Create issue ticket

105 Possible Causes for Jerk-Locked Premyoclonus Spikes, Progressive Action Tremor

  • Benign Adult Familial Myoclonic Epilepsy

    Usually, myoclonic tremor is the presenting symptom, characterized by tremulous finger movements and myoclonic jerks of the limbs increased by action and posture.[uniprot.org] […] cortical spikes detected by the jerk-locked back-averaging) ( Ikeda et al., 1990 ).[academic.oup.com] spikes detected by the jerk-locked back averaging (JLA) method), and a good response to antiepileptic drugs. 2 BAFME was first reported in 1990 in the Japanese population[nature.com]

  • Epilepsia Partialis Continua

    ) Cortical tremor is a form of rhythmic myoclonus, presenting as postural or action tremor in some patients with progressive myoclonus epilepsy (PME), 76, 77 in Angelman syndrome[clinicalgate.com] Jerk-locked back averaging (JLA) of magnetoencephalogram disclosed a spike preceding the jerk localized at the hand motor area, whereas JLA of electroencephalogram revealed[ncbi.nlm.nih.gov] […] been observed in some children with mitochondrial myopathy, encephalopathy, lactic acidosis, and stroke (MELAS). 75 Rhythmic High-Frequency Cortical Myoclonus (Cortical Tremor[clinicalgate.com]

  • Generalized Clonic or Tonic-Clonic Seizures

    premyoclonus spikes Hand tremor Neuronal loss in central nervous system Cutaneous photosensitivity Hyperreflexia Heterogeneous Weight loss Dystonia Splenomegaly Thrombocytopenia[mendelian.co] […] callosum Muscular hypotonia Infantile onset Intellectual disability, moderate Intention tremor Progressive neurologic deterioration Absence seizures Nevus EEG abnormality Jerk-locked[mendelian.co]

    Missing: Progressive Action Tremor
  • Spinocerebellar Ataxia Type 12

    SCA12 is a late-onset, autosomal dominant, slowly progressive disorder. Action tremor is the usual presenting sign.[jhu.pure.elsevier.com] SCA12 is a late-onset, autosomal dominant , slowly progressive disorder. Action tremor is the usual presenting sign.[ncbi.nlm.nih.gov] All the patients had manifestations of SCA12-like phenotype prior to genetic investigations (familial late onset progressive action tremor in hands and/or tremulous speech[brain.oxfordjournals.org]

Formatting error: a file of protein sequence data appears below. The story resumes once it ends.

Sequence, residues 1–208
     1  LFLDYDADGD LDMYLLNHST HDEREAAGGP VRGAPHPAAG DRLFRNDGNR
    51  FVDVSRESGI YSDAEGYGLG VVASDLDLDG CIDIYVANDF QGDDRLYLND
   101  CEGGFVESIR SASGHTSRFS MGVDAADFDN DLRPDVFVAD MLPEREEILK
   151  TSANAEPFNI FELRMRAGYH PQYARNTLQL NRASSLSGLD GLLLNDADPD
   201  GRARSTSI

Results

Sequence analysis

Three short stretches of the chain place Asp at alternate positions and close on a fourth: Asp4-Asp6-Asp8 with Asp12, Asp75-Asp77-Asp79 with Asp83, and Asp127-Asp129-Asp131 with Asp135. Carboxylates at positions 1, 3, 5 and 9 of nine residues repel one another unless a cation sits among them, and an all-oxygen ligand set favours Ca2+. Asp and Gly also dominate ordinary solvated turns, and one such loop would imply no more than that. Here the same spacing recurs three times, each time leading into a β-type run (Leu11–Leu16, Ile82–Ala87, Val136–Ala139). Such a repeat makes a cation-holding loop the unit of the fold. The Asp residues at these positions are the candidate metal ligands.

Missing: Jerk-Locked Premyoclonus Spikes
  • Parkinson's Disease

    […] reduction in speed and amplitude of repetitive actions) and at least one of the following: (i) muscular rigidity, (ii) 4–6 Hz rest tremor and (iii) postural instability not[doi.org] (hand, leg or jaw; low frequency [4–5 Hz], asymmetric, disappears with action) - Excellent response to levodopa (70%–100%) - Progressive disorder - Severe levodopa-induced[dx.doi.org] Step 1: Diagnosis of a parkinsonian syndrome Bradykinesia (slowness of initiation of voluntary movement with progressive reduction in speed and amplitude of repetitive actions[doi.org]

    Missing: Jerk-Locked Premyoclonus Spikes
  • Essential Tremor

    Characterised by a progressive tremor of the upper extremities, present in posture and action, without other neurological signs or symptoms.[bestpractice.bmj.com] Essential tremor is a slowly progressive disease that causes shaking while assuming static positions (postural tremor) and during movements (action tremor).[blogs.biomedcentral.com] […] of Clinical Movement Disorders , explain more about the disease. 8 A slowly progressive disease causing shaking of the hands and head Wikipedia (CC-BY) What is essential tremor[blogs.biomedcentral.com]

    Missing: Jerk-Locked Premyoclonus Spikes
  • Mental Retardation

    One of several phenotypes associated with different mutations of the fragile X mental retardation 1 gene (FMR1), FXTAS involves progressive action tremor, gait ataxia, and[ncbi.nlm.nih.gov]

    Missing: Jerk-Locked Premyoclonus Spikes
  • Unverricht-Lundborg Syndrome

    AMRF typically presents at ages 15 to 25 years either with neurologic symptoms (including tremor, action myoclonus, seizures, and ataxia) or with proteinuria that progresses[ncbi.nlm.nih.gov]

    Missing: Jerk-Locked Premyoclonus Spikes
  • Progressive Myoclonic Epilepsy Type 8

    ) Cortical tremor is a form of rhythmic myoclonus, presenting as postural or action tremor in some patients with progressive myoclonus epilepsy (PME), 76, 77 in Angelman syndrome[clinicalgate.com] […] been observed in some children with mitochondrial myopathy, encephalopathy, lactic acidosis, and stroke (MELAS). 75 Rhythmic High-Frequency Cortical Myoclonus (Cortical Tremor[clinicalgate.com]

    Missing: Jerk-Locked Premyoclonus Spikes
  • Progressive Myoclonic Epilepsy Type 3

    , action myoclonus, infrequent generalized seizures, and ataxia) or with proteinuria that progresses to renal failure.[ 42 ] Despite severe neurologic disability due mainly[thieme-connect.com] (EPM4) has been identified to be caused by pathogenic variants in SCARB2 .[ 41 ] It typically presents at ages 15 to 25 years either with neurologic symptoms (including tremor[thieme-connect.com]

    Missing: Jerk-Locked Premyoclonus Spikes

Further symptoms